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AS I SEE IT

Posted 2/06/19 (Wed)

 

By Neal A. ShipmanFarmer Editor

 

How much should the public know about where their city and county governments spends taxpayer money? But more importantly, how easy should it be for taxpayers to find out where their elected city and county officials are spending the dollars that taxpayers have entrusted them with?
For as many years as most people can remember, the answer to where city and county government spent taxpayers money was as easy as picking up a copy of their local official newspaper. As written into state law, city and county governments are required to publish their monthly bills as part of their official minutes.
While newspapers do receive payment from the publication of these bills, in the scope of a city or county budget, the cost of printing those bills and providing easy public access to where local government is spending their funds, isn’t significant.
But there is an effort by North Dakota counties and cities to remove the requirement of printing those bills in their local official newspaper, which for McKenzie County, is the McKenzie County Farmer. And last week, that movement gained steam as the North Dakota House Political Subdivisions Committee voted 9-5 to recommend passage of Bill 1229.
Rather than printing their bills in their official newspaper, cities and counties now want to just publish those bills on their government websites. And that push flies in the face of the fact that time and time again, voters have overwhelmingly said that they want the bills and minutes of their city, county or school district published in their official newspaper.
While proponents of not publishing a full listing of the bills being paid by city or county government in their official newspaper say that by just making those bills available on their own website would be a cost-savings, that argument doesn’t really stand up.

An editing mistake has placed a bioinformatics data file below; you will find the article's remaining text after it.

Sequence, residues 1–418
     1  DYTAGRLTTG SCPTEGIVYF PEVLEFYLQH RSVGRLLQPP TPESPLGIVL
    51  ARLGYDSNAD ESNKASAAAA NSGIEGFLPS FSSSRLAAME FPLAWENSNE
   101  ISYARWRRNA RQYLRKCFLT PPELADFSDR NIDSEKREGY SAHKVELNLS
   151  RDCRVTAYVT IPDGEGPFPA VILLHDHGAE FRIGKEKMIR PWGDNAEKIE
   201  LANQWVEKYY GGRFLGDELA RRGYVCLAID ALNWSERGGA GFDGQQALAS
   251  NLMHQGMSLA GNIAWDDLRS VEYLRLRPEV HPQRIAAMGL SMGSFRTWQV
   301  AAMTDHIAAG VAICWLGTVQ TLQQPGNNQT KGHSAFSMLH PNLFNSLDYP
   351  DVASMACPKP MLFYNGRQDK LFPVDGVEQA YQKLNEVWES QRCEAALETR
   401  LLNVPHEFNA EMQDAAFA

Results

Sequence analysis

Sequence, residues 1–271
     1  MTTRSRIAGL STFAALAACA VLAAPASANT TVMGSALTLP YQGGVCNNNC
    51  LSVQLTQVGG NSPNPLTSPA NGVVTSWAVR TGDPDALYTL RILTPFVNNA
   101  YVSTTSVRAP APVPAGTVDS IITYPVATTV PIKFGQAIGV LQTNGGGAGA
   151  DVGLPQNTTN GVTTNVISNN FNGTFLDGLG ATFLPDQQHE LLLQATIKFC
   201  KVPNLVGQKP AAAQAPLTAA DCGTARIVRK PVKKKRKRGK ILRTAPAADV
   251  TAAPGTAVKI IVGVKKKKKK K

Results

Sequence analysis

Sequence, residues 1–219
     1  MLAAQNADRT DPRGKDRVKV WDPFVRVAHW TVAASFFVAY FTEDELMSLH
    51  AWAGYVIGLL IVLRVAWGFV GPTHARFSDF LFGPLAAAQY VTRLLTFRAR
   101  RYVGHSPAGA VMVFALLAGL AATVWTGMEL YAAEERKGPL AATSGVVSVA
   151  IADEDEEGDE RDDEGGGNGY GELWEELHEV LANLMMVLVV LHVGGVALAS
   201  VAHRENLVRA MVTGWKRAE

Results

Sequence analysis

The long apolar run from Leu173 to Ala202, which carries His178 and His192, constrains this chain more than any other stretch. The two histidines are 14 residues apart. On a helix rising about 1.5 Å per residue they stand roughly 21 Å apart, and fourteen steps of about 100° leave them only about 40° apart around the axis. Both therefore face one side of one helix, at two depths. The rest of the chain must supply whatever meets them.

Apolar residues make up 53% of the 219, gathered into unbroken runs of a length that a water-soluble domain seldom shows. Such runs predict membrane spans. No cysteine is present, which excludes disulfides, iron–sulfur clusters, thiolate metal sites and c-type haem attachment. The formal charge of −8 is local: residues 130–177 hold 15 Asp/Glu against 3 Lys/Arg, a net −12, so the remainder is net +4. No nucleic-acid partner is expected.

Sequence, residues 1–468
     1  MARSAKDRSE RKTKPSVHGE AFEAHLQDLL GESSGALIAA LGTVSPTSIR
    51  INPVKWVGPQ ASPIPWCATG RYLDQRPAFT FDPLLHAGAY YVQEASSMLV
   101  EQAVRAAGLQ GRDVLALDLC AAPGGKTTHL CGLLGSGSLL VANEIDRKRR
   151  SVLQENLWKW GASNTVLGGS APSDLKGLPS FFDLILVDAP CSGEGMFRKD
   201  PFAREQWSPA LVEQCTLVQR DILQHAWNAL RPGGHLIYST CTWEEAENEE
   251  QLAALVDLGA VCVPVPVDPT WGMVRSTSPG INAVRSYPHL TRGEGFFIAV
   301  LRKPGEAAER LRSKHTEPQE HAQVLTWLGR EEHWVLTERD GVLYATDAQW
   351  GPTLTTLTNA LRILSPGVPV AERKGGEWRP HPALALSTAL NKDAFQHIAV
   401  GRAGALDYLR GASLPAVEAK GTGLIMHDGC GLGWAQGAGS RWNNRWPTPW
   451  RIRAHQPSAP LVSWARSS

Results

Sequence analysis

According to the North Dakota Newspaper Association, the publishing of public notices typically cost counties far less than 1/10th of 1 percent of their budgets. In fact, in most counties, the savings from not publishing these notices would not be enough to buy health insurance for one commissioner for one month.
While technology is great, it is highly unlikely that the average person is going to take the time to try to find the government entities website to read the minutes or review the bills. A recent survey conducted for NDNA confirms that belief as it discovered that 70 percent of North Dakota adults said that they would not read public notices if they had to go to a government website to find them.
Newspapers have always been the champions of the “public’s right to know,” which is why we believe that it is important that government’s meeting minutes and where they spend the taxpayers money must be as easily accessible as possible. And truly, there is no easier or more accessible source of that information than the local official newspaper. Not only is the newspaper handy to pick up, but every newspaper maintains its own archives of back issues, as well as works with NDNA to maintain a statewide public notices website.
HB1229 is a bad bill for North Dakotans when it comes to ensuring true transparency in government.
For McKenzie County residents who wish to share their thoughts on HB1229 with their District 39 Legislators, they can be contacted at the following email addresses: Rep. Denton Zubke, dzubke@nd.gov; Representative Keith Kempenich, kkempenich@nd.gov; or Sen. Dale Patten, dpatten@nd.gov.